Threat actors could be interested in targeting an atomic facility for a number of reasons, including sabotage and the burglary of atomic materials.
“For example, access control systems could be compromised, thus allowing the entry of unauthorized persons seeking to obtain nuclear material or to damage the facility,” says the NTI report . “Accounting systems could be manipulated so that the theft of material goes unnoticed. Reactor cooling systems could be deliberately disabled, resulting in a Fukushima-like disaster.”
The Nuclear Threat Initiative found that, of the 24 states with weapons-usable nuclear materials and the 23 states that have nuclear facilities but no weapons-usable nuclear materials, 13 receive a maximum score for cybersecurity: Australia, Belarus, Bulgaria, Canada, Finland, France, Hungary, the Netherlands, Russia, Switzerland, Taiwan, the U.K. and the U.S.
However, the report found that 20 states score 0 and lack even basic requirements to protect nuclear facilities from cyberattack. Worryingly, a number of the states that scored 0 have been extending their use of atomic energy.
Recently a number of countries have passed new laws and regulations to improve and upgrade cybersecurity requirements when dealing with the protection of critical infrastructures. The NTI Index took into account efforts by a number of governments, including the U.K., South Africa, Russia, France and Pakistan.
“Given the potential consequences, all states must work aggressively to ensure that their nuclear facilities are protected from cyber attacks,” the report said. “Governments should include the cyber threat within the national threat assessment for their nuclear facilities, and they should put in place a clear set of laws, regulations, standards, and licensing requirements for all nuclear facilities that require protection of digital systems from cyber attacks”.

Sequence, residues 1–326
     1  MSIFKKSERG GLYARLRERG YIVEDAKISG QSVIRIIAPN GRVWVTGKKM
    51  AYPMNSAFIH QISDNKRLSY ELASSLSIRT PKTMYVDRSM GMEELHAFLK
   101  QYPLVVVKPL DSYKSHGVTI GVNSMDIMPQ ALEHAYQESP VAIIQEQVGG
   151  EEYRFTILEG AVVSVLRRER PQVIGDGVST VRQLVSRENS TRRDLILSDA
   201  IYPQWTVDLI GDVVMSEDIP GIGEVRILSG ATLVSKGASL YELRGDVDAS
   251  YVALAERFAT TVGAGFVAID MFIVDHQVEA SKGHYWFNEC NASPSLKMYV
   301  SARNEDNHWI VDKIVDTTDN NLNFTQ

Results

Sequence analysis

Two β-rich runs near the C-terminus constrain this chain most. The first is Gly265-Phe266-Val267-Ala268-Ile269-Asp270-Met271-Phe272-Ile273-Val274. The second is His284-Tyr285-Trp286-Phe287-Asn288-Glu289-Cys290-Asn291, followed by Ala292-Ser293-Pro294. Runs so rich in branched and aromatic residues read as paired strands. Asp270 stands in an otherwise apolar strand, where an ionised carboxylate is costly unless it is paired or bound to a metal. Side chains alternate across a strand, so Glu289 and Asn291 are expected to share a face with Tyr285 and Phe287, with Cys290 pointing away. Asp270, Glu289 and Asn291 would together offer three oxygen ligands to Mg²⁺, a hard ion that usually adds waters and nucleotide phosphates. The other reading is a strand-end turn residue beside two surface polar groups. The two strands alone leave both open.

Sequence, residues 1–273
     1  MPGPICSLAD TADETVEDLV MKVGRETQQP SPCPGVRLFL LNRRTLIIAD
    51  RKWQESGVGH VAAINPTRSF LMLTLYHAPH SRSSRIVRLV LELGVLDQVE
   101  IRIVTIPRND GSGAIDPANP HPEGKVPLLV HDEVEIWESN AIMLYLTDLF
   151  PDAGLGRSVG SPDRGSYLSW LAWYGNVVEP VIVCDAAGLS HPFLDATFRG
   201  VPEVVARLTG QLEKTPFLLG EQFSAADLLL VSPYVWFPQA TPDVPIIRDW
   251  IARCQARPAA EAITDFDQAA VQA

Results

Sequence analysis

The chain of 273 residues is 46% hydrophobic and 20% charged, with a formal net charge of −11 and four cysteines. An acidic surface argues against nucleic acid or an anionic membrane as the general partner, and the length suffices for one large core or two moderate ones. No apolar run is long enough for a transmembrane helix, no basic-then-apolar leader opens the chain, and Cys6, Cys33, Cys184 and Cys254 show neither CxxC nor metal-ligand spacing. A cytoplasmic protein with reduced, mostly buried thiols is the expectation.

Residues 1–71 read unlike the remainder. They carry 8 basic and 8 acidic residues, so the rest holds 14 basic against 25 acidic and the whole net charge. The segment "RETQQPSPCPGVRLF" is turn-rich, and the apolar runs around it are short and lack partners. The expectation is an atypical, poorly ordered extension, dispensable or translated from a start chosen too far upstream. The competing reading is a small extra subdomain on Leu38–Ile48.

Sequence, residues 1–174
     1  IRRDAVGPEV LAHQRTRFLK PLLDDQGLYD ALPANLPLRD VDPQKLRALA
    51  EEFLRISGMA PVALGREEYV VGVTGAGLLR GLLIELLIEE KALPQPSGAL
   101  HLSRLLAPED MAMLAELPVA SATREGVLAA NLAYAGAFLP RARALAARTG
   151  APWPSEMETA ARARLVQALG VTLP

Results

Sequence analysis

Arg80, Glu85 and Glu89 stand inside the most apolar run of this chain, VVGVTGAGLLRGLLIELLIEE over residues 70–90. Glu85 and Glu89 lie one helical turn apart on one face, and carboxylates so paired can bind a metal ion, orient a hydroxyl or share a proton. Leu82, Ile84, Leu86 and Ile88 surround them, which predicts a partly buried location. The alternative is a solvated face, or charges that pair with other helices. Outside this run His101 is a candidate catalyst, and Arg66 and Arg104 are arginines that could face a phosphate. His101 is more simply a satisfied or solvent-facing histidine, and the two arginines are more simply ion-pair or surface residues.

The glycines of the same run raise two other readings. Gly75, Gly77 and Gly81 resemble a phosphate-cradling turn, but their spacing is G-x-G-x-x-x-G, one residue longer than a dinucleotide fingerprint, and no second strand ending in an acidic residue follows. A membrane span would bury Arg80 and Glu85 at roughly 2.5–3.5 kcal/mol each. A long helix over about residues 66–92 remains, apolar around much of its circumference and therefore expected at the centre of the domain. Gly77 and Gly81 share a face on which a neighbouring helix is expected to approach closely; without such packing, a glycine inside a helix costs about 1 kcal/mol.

“At the facility level, leadership must prioritize cybersecurity, determine potential consequences, and implement a program that ensures that digital assets and networks are characterized and secured and that the security is routinely tested,” the report added.
The same opinion is expressed in a survey conducted by the Chatham House think tank that analyzed cybersecurity at civil nuclear facilities. The study interviewed 30 industry practitioners, academics and policymakers from the U.K., Canada, the U.S., Ukraine, Russia, France, Germany and Japan.
The report found that the nuclear industry is falling behind other industries when facing cyber security despite rapidly evolving threats.
“The nuclear industry is beginning – but struggling – to come to grips with this new, insidious threat,” said Patricia Lewis, research director of Chatham House’s international security program.